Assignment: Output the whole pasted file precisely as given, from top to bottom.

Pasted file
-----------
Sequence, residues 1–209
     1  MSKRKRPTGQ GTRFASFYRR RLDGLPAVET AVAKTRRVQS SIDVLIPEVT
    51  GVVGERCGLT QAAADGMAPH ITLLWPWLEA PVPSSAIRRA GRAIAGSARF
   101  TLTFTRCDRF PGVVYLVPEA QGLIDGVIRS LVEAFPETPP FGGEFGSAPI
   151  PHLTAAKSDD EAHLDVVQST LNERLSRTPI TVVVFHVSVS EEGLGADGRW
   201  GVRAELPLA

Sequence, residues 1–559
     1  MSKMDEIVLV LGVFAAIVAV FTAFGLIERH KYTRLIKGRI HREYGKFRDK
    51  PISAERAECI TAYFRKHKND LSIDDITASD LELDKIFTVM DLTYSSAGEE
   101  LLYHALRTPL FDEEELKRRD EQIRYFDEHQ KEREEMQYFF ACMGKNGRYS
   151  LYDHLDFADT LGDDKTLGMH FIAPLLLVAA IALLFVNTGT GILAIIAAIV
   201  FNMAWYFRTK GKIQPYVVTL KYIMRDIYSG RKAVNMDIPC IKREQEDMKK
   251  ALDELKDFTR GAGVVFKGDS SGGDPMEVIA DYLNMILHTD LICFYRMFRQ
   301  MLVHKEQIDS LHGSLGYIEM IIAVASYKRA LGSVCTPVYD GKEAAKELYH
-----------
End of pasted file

Sequence, residues 1–209
     1  MSKRKRPTGQ GTRFASFYRR RLDGLPAVET AVAKTRRVQS SIDVLIPEVT
    51  GVVGERCGLT QAAADGMAPH ITLLWPWLEA PVPSSAIRRA GRAIAGSARF
   101  TLTFTRCDRF PGVVYLVPEA QGLIDGVIRS LVEAFPETPP FGGEFGSAPI
   151  PHLTAAKSDD EAHLDVVQST LNERLSRTPI TVVVFHVSVS EEGLGADGRW
   201  GVRAELPLA

Sequence, residues 1–559
     1  MSKMDEIVLV LGVFAAIVAV FTAFGLIERH KYTRLIKGRI HREYGKFRDK
    51  PISAERAECI TAYFRKHKND LSIDDITASD LELDKIFTVM DLTYSSAGEE
   101  LLYHALRTPL FDEEELKRRD EQIRYFDEHQ KEREEMQYFF ACMGKNGRYS
   151  LYDHLDFADT LGDDKTLGMH FIAPLLLVAA IALLFVNTGT GILAIIAAIV
   201  FNMAWYFRTK GKIQPYVVTL KYIMRDIYSG RKAVNMDIPC IKREQEDMKK
   251  ALDELKDFTR GAGVVFKGDS SGGDPMEVIA DYLNMILHTD LICFYRMFRQ
   301  MLVHKEQIDS LHGSLGYIEM IIAVASYKRA LGSVCTPVYD GKEAAKELYH